Position of the exhibitor and performance of the horse and rider on the rail must be considered in the final placing.

SUGGESTED FINAL SCORING shall be on a basis of 0 – 20 with an approximate breakdown as follows:-

20:        Excellent equitation including body position and use of aids.  Pattern is performed promptly, precisely and smoothly.

18-19:   Generally excellent performance with one minor fault in appearance and position of exhibitor  or execution of the pattern (performance).

16-17:   Generally good pattern execution with one minor fault in precision or execution of pattern (performance) or appearance and position of exhibitor.

14-15:   Average pattern that lacks quickness and precision or rider has obvious equitation flaws which prevent effective horsemanship or commits two or more minor faults in performance  and position of exhibitor.

12-13:   One major fault or several minor faults in the performance and/or appearance that precludes effective communication with the horse.

10-11:   Two major faults or many minor faults in the performance and/or appearance and position of exhibitor.

6-9:       Several major faults or one severe fault in the performance and/or appearance of exhibitor.  Exhibitor demonstrates complete lack of riding ability or commits a severe fault in the  performance or appearance and position of exhibitor.

1-5:       Exhibitor commits one or more severe faults in the performance or appearance and position of exhibitor but does complete the class and avoids disqualification.

3.    WESTERN PLEASURE

Categories        Walk/Jog – Preliminary – Novice Youth – Youth – Novice Rider -Intermediate Amateur – Novice Horse – Amateur – Open

This class will be judged on the performance, condition and conformation of the horse.  However, a minimum of 20% of the judging shall be based on condition and conformation.  Entries will be penalised for excessive speed or being on wrong leads.

Horses to be shown at a walk, jog and lope on a reasonable loose rein without undue restraint.

  1. Horses must work both ways of the ring at all three gaits to demonstrate their ability with different leads.  At the option of the Judge, horses may be asked to extend the walk, jog or lope, one or both ways of the ring.  The Judge may ask all or just the top 15 horses to extend at the jog. However, never more than the top 15 horses may be asked to extend at the lope.  Riders should sit at the extended jog.  Horses are required to back easily and stand quietly.  Passing on the inside is permissible and should not be penalised so long as horses being passed are not interfered with and the horse maintains a proper, even cadence and rhythm.
  2. Horses are to be reversed to the inside (away from the rail).  They may be required to reverse at the walk or jog at the discretion of the Judge but shall not be asked to reverse at the lope.  On completion of the “reverse”, competitors should continue at the same pace being performed when asked to reverse.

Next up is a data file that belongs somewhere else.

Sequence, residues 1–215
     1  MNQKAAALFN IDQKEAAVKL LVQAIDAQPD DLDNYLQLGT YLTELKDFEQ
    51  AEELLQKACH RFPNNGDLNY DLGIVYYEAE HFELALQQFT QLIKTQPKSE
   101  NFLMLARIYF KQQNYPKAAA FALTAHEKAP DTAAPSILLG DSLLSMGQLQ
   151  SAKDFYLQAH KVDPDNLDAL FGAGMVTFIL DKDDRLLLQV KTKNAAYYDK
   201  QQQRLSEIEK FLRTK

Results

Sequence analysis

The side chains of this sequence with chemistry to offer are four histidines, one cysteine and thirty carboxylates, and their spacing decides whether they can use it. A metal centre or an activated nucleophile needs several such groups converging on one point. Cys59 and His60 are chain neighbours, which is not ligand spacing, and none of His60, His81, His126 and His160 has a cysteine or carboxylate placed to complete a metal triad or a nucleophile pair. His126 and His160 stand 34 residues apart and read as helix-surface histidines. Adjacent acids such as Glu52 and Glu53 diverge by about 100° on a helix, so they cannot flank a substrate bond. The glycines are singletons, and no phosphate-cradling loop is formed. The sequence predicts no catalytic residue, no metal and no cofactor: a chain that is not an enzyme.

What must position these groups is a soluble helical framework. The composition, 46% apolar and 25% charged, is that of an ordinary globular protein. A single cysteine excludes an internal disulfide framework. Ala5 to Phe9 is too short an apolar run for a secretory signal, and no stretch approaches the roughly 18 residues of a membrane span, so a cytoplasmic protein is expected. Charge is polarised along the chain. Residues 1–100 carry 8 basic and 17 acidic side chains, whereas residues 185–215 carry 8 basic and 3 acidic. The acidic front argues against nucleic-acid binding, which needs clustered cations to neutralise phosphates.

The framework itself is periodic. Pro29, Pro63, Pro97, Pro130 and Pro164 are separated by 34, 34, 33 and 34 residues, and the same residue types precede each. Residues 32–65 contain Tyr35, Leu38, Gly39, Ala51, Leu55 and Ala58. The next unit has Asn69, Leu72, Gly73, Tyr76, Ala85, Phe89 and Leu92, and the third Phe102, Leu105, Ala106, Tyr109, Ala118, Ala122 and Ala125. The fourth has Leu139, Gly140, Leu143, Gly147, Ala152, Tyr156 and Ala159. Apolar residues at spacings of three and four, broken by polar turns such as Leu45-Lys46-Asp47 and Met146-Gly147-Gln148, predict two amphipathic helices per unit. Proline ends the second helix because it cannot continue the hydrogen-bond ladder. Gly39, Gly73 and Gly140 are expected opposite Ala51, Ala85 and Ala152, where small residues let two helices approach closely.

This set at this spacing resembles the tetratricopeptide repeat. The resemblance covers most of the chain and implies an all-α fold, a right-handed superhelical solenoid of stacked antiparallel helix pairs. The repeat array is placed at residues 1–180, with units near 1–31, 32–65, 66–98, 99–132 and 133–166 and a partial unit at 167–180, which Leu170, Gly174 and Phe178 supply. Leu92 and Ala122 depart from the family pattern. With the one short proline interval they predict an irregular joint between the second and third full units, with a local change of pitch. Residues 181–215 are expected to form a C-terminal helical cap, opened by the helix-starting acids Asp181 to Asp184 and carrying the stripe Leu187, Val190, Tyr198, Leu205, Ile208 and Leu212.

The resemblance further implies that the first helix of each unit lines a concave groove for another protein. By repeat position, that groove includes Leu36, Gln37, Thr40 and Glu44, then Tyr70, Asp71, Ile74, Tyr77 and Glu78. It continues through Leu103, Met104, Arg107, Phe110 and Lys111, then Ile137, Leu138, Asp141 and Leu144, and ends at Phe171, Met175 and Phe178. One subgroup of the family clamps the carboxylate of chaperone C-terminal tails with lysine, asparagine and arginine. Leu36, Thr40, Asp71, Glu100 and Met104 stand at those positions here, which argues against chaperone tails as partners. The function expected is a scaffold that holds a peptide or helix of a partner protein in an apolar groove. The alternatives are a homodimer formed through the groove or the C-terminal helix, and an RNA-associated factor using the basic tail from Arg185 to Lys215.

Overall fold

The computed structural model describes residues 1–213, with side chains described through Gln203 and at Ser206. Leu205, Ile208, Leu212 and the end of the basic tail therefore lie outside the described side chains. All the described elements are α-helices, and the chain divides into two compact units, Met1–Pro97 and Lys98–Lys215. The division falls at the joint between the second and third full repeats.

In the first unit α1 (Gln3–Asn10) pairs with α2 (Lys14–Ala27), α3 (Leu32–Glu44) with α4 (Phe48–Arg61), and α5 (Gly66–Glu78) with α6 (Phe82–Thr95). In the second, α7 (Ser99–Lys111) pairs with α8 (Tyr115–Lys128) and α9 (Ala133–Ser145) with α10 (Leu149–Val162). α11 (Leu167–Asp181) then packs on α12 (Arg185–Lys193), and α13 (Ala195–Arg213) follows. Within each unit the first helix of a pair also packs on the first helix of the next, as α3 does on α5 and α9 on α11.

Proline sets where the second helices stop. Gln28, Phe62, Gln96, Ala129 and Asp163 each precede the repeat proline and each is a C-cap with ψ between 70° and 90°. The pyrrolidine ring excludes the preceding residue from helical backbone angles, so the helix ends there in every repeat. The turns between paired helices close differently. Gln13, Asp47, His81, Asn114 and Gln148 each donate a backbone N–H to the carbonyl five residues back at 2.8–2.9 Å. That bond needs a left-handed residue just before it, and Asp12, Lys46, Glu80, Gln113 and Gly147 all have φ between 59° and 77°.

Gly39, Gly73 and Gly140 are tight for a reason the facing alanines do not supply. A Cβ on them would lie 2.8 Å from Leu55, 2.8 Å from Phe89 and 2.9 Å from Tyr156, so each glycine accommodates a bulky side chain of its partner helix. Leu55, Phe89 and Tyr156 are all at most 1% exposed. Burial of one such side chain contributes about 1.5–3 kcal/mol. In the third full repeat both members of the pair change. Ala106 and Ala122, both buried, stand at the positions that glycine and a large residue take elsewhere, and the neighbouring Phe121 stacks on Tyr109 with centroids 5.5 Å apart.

3. The Judge may ask for additional work of the same nature from any horse.  The Judge is not to ask for work other than that listed above.
  4. The rider shall not be required to dismount except in the event that the Judge wishes to check equipment.
  5. In the event of a large entry to this class, the Judge may ask for go-rounds to ensure the safety of the competitors.  In the event of go-rounds, the Judge must select the top 10 horses overall for the final to be worked on the rail together.

A good pleasure horse has a flowing stride of reasonable length in keeping with his conformation.  He should cover a reasonable amount of ground with little effort.  Ideally, he should have a balanced, flowing motion.  He should carry his head and neck in a relaxed, natural position.  He should not carry his head behind the vertical, giving the appearance of intimidation, or be excessively nosed out, giving a resistant appearance.  His head should be level, with his nose slightly in front of the vertical, having a bright expression with his ears alert.  He should be shown on a reasonably loose rein but with light contact and control.  He should be responsive, yet smooth in transitions when called for.  When asked to extend, he should move out with the same flowing motion.  Maximum credit should be given to the flowing, balanced and willing horse which gives the appearance of being fit and a pleasure to ride.

4.    WESTERN TRAIL

Categories        Novice Youth – Youth – Novice Rider – Intermediate Amateur – Novice Horse –  Amateur – Open

This class will be judged on the performance of the horse while negotiating the obstacles, with emphasis on manners, response to the rider and quality of movement.

Credit will be given to horses negotiating the obstacles with style, authority and some degree of speed, providing correctness is not sacrificed.  Horses should receive credit for showing attentiveness to the obstacles and the capability of picking their own way through the course when obstacles warrant it and willingly responding to the rider’s cues on more difficult obstacles.